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City Council acts to tackle untidy empty homes in Worcester

50 Somers Road tidying up work underway 50 Somers Road tidying up work underway

Worcester City Council has taken action to tidy up four empty and neglected properties in the city over the past 12 months.

The work has included the removal of household waste the and the clearance of very overgrown gardens, in an effort to prevent the houses becoming a blight on their neighbourhoods.

Using its planning powers, the Council has then invoiced the owners of the property. If that charge is not paid the Council has the power to take steps to reclaim the costs from the owners.

One of the properties targeted was No. 50 Somers Road where the garden had become so overgrown that it was having an impact on neighbours. The house itself was barely visible because of the overgrown hedges and trees.

The Council had to serve a tidy-up notice on the property itself, as the owner could not be traced. Experts were brought in to tackle the garden and bring it to an acceptable state.

At another property in Kilbury Drive, the City Council used its powers both to tidy up the front and rear gardens, and also to remove a vandalised car that was standing in the driveway. Once again, action was launched to reclaim the costs from the landowner.

In 2018 the City Council also used its powers to bring about the enforced sale of No. 25 Somers Rd, which had been empty for several years and the subject of several legal actions to improve its structure and appearance. In 2019 it was sold and then fully refurbished. It is now in use for its original purpose, providing a home to Worcester residents.

These details are being published as part of a campaign to highlight the issues caused by empty homes as part of the National Empty Homes Week, which runs until 6 March.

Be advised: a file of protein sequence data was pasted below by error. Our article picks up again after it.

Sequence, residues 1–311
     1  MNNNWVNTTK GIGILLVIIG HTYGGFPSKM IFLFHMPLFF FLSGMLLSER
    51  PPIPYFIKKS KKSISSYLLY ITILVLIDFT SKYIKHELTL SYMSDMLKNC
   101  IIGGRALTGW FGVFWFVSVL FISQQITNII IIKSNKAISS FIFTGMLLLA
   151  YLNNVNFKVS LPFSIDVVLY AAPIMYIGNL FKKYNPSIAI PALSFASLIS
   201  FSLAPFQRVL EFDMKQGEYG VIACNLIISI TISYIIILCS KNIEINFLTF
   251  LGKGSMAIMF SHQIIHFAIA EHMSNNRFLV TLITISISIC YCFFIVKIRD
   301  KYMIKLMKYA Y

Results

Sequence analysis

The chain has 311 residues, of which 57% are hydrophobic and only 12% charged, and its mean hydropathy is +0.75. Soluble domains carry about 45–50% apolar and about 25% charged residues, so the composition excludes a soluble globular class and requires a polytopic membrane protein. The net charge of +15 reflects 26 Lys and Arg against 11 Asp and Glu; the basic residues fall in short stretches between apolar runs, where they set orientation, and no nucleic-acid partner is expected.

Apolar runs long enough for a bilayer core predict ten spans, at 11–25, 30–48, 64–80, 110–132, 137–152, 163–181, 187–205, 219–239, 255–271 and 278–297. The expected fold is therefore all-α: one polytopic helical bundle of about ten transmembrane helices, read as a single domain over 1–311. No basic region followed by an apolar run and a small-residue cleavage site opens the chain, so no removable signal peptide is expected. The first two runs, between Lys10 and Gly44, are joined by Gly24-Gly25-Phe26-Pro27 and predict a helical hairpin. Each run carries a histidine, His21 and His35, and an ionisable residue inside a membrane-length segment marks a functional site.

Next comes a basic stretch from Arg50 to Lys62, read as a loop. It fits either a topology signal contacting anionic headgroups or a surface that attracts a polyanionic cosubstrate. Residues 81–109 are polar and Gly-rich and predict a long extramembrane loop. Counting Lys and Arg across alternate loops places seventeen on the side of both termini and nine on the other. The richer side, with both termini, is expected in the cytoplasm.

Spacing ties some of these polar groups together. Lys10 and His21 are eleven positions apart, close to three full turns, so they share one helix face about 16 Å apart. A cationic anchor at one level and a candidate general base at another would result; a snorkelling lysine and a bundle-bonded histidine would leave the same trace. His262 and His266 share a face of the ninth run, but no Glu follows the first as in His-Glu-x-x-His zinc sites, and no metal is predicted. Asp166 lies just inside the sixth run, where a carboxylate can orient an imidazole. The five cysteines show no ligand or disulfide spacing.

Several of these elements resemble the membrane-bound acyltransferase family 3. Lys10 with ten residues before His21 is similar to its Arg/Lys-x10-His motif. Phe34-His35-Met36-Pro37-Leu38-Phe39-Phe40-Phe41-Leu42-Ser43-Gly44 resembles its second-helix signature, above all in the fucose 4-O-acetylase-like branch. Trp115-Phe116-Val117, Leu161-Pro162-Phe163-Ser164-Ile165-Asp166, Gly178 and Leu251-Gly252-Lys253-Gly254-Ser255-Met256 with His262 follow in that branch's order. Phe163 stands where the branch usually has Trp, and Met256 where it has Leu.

Cllr James Stanley, Chair of the City Council's Communities Committee, said: "Empty and neglected homes can have a big impact on the lives of city residents, dragging down the image of an area and potentially becoming a target for vandalism and fly-tipping.

"I am very pleased that the City Council has been able to take action against some of these homes and help to avoid them becoming a blight on their neighbourhoods. I want to encourage residents who know of other untidy, empty properties to let us have the details at www.worcester.gov.uk/report-it."

The City Council monitors empty properties in the city. Many are empty because they are in probate, between tenancies or are being refurbished, so it is only when they have been empty for two years that the owners are contacted and the condition of the building is assessed.

Of the current 179 Worcester homes that have been empty for two years or more, just 15 are considered to be in a dilapidated state. The City Council is trying to work with the owners to bring all 179 properties back into use.

The City Council will also double the Council Tax charge for a property that has been empty and unfurnished for two years or more, in an effort to encourage owners to take action. The charge can increase further if a property remains empty for five or even ten years.

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